Deb Baker

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Deb Baker (born 1953) is an American mystery writer from the Upper Peninsula of Michigan, who has created three mystery series.

Deb Baker.jpg


Deb Baker writes American mystery fiction. She has written two series under her own name. The Dolls To Die For series features a Phoenix, Arizona doll collecting club and member Gretchen Birch, who solves murders with her new age Aunt Nina while sharing a doll restoration business with her mother. Baker also wrote the humorous Yooper/backwoods mysteries centering on a fictitious town in the Michigan Upper Peninsula where Gertie Johnson, mother of the local sheriff, solves murders the old fashioned way with friends Cora Mae and Kitty. Using the pen name Hannah Reed, she writes the Queen Bee mystery series about Story Fischer, a Wisconsin beekeeper.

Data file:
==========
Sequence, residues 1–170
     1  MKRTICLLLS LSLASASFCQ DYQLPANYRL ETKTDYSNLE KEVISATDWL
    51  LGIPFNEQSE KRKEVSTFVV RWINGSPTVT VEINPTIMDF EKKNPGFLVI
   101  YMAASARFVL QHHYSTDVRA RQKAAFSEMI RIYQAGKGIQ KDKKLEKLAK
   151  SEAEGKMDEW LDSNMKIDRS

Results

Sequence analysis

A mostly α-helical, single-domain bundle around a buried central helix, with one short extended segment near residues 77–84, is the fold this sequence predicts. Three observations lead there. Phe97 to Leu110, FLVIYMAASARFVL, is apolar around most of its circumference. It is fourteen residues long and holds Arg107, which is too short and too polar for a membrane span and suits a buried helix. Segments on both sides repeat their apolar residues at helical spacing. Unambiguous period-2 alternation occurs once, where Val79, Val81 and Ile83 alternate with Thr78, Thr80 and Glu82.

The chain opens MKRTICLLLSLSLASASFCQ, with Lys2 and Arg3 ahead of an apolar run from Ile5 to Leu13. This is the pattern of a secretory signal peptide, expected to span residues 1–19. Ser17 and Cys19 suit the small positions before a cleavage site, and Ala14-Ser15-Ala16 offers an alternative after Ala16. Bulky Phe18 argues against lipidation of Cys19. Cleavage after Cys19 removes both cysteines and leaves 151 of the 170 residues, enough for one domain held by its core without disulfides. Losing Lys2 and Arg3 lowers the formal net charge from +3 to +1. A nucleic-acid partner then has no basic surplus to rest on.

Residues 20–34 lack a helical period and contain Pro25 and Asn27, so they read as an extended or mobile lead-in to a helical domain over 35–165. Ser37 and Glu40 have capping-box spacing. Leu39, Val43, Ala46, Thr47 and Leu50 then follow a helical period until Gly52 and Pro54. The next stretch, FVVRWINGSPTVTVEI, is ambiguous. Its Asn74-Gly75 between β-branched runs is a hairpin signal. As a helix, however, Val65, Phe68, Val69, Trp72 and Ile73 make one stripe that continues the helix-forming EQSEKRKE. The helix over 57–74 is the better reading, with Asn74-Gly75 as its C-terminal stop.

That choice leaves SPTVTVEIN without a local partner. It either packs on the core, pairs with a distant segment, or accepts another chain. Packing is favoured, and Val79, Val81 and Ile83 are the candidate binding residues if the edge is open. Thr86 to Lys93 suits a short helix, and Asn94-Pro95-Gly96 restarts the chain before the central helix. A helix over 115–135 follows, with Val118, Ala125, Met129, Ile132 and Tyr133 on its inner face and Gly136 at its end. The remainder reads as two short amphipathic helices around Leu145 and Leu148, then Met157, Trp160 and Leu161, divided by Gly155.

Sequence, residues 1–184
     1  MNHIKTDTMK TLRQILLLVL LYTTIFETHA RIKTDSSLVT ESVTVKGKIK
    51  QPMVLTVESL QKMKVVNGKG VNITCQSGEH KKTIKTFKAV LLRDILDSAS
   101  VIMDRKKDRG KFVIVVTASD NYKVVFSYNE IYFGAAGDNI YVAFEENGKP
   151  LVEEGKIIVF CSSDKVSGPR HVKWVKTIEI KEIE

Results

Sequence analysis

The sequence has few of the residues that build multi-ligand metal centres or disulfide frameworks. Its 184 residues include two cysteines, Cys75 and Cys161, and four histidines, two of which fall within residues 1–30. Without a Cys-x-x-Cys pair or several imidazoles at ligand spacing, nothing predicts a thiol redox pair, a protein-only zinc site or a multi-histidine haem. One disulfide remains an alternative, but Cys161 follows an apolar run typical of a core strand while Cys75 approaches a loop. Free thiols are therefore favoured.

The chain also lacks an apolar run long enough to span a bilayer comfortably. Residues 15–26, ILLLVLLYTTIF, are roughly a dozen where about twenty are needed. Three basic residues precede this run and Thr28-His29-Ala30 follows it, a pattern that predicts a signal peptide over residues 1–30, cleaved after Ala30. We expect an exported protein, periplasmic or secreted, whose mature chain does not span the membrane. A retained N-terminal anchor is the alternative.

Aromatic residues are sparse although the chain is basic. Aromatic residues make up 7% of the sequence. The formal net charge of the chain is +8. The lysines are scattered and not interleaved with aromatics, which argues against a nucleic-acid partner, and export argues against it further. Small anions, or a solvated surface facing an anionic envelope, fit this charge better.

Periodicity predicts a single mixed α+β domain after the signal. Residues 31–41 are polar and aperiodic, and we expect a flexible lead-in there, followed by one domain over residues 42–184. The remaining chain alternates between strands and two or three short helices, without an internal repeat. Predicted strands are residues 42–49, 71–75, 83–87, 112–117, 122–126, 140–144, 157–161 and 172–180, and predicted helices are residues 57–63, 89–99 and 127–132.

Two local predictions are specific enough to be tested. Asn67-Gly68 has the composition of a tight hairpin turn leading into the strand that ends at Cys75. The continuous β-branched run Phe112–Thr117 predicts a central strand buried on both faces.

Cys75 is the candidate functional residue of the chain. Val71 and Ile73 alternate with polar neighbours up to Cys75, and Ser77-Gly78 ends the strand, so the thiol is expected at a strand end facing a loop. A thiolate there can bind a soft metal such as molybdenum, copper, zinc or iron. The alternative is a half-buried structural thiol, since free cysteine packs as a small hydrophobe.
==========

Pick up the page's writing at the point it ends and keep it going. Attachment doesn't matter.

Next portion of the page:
Baker lived in Gladstone, Michigan before moving to De Pere, Wisconsin where she graduated from East De Pere High School. She earned a degree in English with emphasis on creative writing from the University of Wisconsin and began her writing career. She currently resides in North Lake, Wisconsin.

Baker’s first novel, Murder Passes the Buck (2006), was based on her personal experience in the Michigan Upper Peninsula. The colorful characters she created won her the Authorlink International First Novelist Award [1] in the mystery category, then went on to win Best of Show.


As Deb Baker[edit]

Gertie Johnson[edit]

  1. Murder Passes the Buck
  2. Murder Grins and Bears It
  3. Murder Talks Turkey
  4. Murder Bites the Bullet
  5. Cooking Can Be Murder
  6. Gertie Johnson Boxed Set

Gretchen Birch Murder Mysteries[edit]

  1. Dolled Up For Murder
  2. Goodbye Dolly
  3. Dolly Departed
  4. Guise and Dolls (originally published as Ding Dong Dead)
  5. Gretchen Birch Boxed Set'

As Hannah Reed[edit]

Queen Bee Mysteries[edit]

  1. Buzz Off (2010)
  2. Mind Your Own Beeswax (2011)
  3. Plan Bee (2012)
  4. Beeline to Trouble (2012)
  5. Beewitched (2013)


  1. ^ "Honors and Awards - Chris Roerden, Editor". 2003-07-19. Retrieved 2013-10-14. 

External links[edit]